*insert a witty remark about ableism here*

I was recently told that “My partner’s niece has CP and is in a wheelchair! She doesn’t let it hold her back. I sense that same grit in you.”

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Well then. I guess it’s true, to an extent. I am fiercely stubborn. I am fiercely determined. I don’t let the fact that there is no cure for my disorder mean there is no hope in my life. But the thing is, it isn’t always that simple.

Some days, I’m in the emergency room, like this day back in late May. Other days, I’m in bed in pain. Some days I do incredible things – not despite my disability, but because of it. Because I’m living with it. Because it’s who I am. But it isn’t a choice. I live with it – I move on because I have to. Life can’t stop because I’m disabled. But it doesn’t mean I have to be your inspiration. It doesn’t mean I have grit and determination just because I am disabled. It’s just all a part of who I am.

I kNow a Fighter

Photo on 3-2-15 at 7.58 PM

You held me down, but I got up
Get ready, ’cause I’ve had now
I’ve seen it all, I see it now
I’ve got the eye of the tiger, a fighter,
dancing through the fire
Cause I a champion, and you’re gonna hear me roar
Louder, louder than a lion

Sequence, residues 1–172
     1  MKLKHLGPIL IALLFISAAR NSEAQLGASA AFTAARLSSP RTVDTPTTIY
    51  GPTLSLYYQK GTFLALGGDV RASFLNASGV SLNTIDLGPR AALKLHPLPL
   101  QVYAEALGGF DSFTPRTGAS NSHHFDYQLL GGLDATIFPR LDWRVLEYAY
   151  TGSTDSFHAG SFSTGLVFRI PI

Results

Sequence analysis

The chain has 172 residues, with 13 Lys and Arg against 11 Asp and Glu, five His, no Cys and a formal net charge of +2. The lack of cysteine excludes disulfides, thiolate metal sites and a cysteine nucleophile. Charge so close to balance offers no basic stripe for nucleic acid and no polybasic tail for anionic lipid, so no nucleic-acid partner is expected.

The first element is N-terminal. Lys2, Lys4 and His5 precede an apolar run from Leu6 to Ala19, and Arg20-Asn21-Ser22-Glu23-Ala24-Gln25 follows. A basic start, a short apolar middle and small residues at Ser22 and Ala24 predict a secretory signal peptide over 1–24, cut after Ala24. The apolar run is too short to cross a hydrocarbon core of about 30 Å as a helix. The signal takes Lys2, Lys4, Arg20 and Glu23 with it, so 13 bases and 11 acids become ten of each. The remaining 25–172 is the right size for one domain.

‘Cause I am the champion, and you’re gonna hear me roar.

This year’s campaign with the Children’s Tumor foundation is I Know A Fighter. I don’t know life without NF. I was diagnosed at three years old. I’m turning twenty-eight this summer. I’ve known had to say my disorder from that age. Apparently it’s cute to hear a three year old rattle it off.

I’ve never known life without NF. But perhaps someday I will. Perhaps some day I won’t see my doctors yearly , afraid another tumor has grown. Some things cannot be repaired – my dural ectasia cannot be fixed, my vertebrae cannot regrow.

But it doesn’t mean it’s hopeless. It doesn’t mean things won’t ever change. But until then,  I’m a Fighter. Until then, I fight NF. I fight the internal and external signs. And I keep on living.

Jesus loves me, loves me still, though I’m very weak and ill

I feel like my world has been shattered and turned upside down. I knew going into my appointment today that there was the chance I’d need another back surgery, but  now it’s facing me dead on and I’m scared and I don’t know what to do.

I went in for my two year followup today (two years is tomorrow. I graduate a year from that. Cool).

I looked super classy, man, super classy.